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Fairly self explanatory question. For those that are interested, the reason I ask is because a coworker just scored 60 points against me with "peaces". Triple letter, and triple word score!

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I want your job! – Ed Guiness Apr 27 '11 at 15:27
@Ed: Wouldn't you rather do something you enjoyed? :) – Phil Apr 27 '11 at 15:34
I enjoy scrabble! – Ed Guiness Apr 27 '11 at 15:36
@Ed: LOL! You're not that wrong ahah... – Alenanno Apr 27 '11 at 15:52
up vote 7 down vote accepted

First off, if you're playing Scrabble, then you need to look up your word in the official Scrabble dictionary, not some random site on the internet.

However, for normal English usage "peaces" is not a word. The noun peace is a mass noun and an abstract noun and cannot be pluralized.

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I wasn't looking for scrabble advice particularly; the question seemed terse without the history. Mass noun sounds like an interesting concept though. – Phil Apr 27 '11 at 15:36
+1 for the much better Scrabble dictionary link. – MrHen Apr 27 '11 at 15:36
@Phil Also water is a mass noun. – kiamlaluno Apr 27 '11 at 16:44
@kiamlaluno: It feels grammatical to have the plural of a mass noun if you are referring to more than one instance of a particular collection of that thing. For example, "the many waters of the world" (though of course this is a bit "irregular"/marked) – Mitch Apr 27 '11 at 18:30
@Jeff A Separate Peace is one thing, but you'll note that the sequel Two Separate Peaces isn't nearly as well known. – JSBձոգչ Apr 27 '11 at 19:58

A direct answer to the game of Scrabble is that "peaces" is a legal word. Wiktionary says:

peace (usually uncountable; plural peaces)

I strongly suggest investing in a proper Scrabble dictionary as they are the ones used in tournaments and most online play. The words that are or are not acceptable for the game can differ from what is found in a strict dictionary.

EDIT: Apparently Wiktionary is really the only dictionary that has "peaces" for the highly irregular plural form. It is best to not use the word unless you are playing Scrabble.

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Yeah I saw that on wiktionary too. It seemed a bit flimsy though. – Phil Apr 27 '11 at 15:33
I agree. But really, the only way to solve this dispute is to agree on a dictionary before the game. – MrHen Apr 27 '11 at 15:36
Haha! Don't use the word unless you're playing scrabble. That's funny. – Phil Apr 27 '11 at 15:38
+1 for "highly irregular" – Mitch Apr 27 '11 at 18:25
Wiktionary is not the only dictionary listing "peaces" as a Scrabble word. The comprehensive "YAWL" (Yet Another Word List) includes "peaces". See: cs.duke.edu/csed/data/yawl-0.3.2 – MετάEd Dec 22 '12 at 6:08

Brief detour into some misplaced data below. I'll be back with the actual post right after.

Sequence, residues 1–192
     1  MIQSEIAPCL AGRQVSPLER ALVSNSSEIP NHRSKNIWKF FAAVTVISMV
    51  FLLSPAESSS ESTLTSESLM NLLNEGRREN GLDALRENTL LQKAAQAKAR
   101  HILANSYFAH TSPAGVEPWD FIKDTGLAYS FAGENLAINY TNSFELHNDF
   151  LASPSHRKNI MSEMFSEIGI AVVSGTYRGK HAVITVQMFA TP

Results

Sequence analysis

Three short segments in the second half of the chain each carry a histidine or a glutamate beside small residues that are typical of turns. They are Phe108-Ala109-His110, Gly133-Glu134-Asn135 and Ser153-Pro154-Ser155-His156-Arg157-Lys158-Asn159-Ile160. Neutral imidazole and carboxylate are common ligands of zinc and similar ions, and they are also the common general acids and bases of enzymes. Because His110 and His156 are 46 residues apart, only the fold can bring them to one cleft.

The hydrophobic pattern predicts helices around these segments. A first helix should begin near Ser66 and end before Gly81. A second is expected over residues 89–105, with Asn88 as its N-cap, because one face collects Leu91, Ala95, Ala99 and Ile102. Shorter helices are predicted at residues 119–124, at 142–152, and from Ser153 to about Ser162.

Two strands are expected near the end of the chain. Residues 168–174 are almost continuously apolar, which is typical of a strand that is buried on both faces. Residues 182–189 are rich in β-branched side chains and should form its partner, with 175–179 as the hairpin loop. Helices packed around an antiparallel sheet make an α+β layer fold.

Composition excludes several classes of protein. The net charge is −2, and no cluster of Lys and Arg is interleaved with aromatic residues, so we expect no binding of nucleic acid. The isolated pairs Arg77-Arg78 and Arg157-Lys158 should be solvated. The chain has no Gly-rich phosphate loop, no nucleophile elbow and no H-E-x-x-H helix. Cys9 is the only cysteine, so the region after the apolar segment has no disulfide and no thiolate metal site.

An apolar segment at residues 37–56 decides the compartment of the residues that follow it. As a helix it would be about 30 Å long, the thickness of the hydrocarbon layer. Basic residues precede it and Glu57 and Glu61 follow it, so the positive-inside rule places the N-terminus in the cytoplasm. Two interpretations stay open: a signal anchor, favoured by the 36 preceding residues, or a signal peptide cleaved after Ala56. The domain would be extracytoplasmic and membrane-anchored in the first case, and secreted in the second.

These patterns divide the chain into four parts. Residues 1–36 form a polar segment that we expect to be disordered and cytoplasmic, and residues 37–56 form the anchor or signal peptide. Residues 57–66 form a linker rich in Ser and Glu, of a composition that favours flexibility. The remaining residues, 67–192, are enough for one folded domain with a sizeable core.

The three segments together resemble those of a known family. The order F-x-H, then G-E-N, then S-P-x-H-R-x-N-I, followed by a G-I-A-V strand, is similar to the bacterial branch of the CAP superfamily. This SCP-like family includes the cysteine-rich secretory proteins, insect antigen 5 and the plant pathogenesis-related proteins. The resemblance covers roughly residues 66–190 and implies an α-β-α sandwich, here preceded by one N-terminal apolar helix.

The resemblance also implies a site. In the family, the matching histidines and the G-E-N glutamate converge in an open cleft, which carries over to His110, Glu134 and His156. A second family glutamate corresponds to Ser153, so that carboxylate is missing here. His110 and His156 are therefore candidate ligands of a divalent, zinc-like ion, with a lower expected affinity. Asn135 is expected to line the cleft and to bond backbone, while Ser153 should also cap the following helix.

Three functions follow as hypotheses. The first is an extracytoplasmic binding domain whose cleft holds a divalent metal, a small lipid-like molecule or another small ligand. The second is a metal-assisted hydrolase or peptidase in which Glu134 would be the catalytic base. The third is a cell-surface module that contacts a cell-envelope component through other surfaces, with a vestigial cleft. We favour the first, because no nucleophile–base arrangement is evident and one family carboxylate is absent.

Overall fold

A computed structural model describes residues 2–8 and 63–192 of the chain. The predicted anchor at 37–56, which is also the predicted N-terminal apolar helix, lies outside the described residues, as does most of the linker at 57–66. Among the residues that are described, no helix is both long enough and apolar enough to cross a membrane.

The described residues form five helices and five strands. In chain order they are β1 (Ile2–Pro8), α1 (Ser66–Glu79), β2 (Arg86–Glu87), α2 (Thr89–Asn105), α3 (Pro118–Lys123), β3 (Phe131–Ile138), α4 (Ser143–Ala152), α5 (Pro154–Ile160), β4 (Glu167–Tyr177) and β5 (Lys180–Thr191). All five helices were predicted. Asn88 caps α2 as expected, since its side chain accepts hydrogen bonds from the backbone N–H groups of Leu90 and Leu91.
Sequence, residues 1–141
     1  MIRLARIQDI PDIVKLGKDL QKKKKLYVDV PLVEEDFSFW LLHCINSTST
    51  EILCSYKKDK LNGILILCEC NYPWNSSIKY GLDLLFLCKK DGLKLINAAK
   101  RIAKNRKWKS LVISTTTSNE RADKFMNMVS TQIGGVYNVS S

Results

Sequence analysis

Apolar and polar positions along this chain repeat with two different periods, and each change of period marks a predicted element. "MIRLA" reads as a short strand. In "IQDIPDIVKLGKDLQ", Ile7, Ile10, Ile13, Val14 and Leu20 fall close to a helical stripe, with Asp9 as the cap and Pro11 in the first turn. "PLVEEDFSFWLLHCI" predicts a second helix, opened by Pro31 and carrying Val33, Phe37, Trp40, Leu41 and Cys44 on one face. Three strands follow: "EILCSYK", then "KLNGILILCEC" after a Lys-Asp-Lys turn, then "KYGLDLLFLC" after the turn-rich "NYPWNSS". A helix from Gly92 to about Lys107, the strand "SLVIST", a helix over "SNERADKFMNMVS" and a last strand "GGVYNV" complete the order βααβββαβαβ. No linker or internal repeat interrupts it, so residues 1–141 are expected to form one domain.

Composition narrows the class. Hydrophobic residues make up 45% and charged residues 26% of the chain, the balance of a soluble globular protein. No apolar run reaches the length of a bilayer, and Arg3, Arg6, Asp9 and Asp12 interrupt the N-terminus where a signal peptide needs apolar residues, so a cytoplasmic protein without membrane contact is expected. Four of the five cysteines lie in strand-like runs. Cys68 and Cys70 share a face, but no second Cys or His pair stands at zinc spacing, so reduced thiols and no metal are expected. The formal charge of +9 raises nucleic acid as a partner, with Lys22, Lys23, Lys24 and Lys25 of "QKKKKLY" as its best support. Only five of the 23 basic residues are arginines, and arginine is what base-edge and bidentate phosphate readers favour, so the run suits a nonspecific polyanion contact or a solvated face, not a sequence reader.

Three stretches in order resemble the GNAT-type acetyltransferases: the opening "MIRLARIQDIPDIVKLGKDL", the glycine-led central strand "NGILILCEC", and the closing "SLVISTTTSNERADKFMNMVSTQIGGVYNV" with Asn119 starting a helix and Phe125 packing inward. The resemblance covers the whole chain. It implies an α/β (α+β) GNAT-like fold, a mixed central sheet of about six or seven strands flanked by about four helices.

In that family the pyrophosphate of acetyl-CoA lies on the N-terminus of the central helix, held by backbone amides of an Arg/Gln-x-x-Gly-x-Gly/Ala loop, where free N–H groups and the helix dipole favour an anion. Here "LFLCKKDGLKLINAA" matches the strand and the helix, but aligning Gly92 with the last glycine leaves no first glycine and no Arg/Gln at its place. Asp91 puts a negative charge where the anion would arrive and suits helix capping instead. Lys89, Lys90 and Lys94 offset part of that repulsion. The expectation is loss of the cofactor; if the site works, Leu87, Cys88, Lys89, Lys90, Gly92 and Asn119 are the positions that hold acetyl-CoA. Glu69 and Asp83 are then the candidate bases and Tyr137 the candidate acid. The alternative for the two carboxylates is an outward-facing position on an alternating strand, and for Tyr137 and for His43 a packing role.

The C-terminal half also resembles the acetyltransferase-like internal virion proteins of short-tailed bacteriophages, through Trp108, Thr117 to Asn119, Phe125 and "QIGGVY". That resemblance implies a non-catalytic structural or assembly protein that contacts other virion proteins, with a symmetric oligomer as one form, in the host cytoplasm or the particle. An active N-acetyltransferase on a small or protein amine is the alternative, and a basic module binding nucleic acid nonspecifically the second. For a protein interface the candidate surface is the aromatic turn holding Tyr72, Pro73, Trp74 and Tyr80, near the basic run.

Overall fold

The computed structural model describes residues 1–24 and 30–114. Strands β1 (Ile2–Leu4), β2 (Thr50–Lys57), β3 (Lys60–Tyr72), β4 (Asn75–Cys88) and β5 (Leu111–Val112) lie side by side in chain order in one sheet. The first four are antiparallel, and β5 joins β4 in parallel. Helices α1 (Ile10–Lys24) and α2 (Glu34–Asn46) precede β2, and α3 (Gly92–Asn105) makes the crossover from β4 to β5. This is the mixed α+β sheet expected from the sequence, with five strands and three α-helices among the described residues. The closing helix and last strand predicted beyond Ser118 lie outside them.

There are just a handful of uses of plural peaces in COCA:

…more than 20 years of having covered this story and watching so many false peaces, phony starts, so much posturing on all sides, that I must say I come to it with, you know, a certain degree of cynicism…

As somebody who has tried to negotiate many peaces, how do you get out of a situation like that, where both sides are confident it's the other side's fault, and meanwhile, the violence and the strikes just escalate?

(Peaces also occasionally sees use as a pun on pieces, as in 24peaces.org and the headline “The missing peaces”.)

The language described by the OSPD bears only a passing resemblance to English. It includes plenty of words that are ten times as ridiculous as peaces. (I mean, vrow? Seriously? Oh, I see it’s a variant spelling of vrouw. Well OK then.)

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Similarly, the few uses of peaces in the BNC refer to multiple instances of peace. – Charles Apr 27 '11 at 17:36
And what is COCA when it's at home? – Phil Apr 27 '11 at 21:56
Click the link and see for yourself! It’s the Corpus of Contemporary American English, a gigantic searchable collection of English text, stuff Americans have said or written in the past twenty years. See corpus.byu.edu/corpora.asp for more info. – Jason Orendorff Apr 27 '11 at 23:13
I find both of those perfectly acceptable. "Peace" is occasionally used to refer to a peace treaty or imposition of peace, which can of course be pluralized. – Mechanical snail Oct 11 '11 at 1:20

I'm an author. I had a need for the word "peaces" - so I used it, contrary to any criticism and despite any lack of formal authorization. Since writers create words, it is now officially birthed into legitimate vocabulary. The context is, "Chamberlain peaces are won," in a work critical of liberal government administration.

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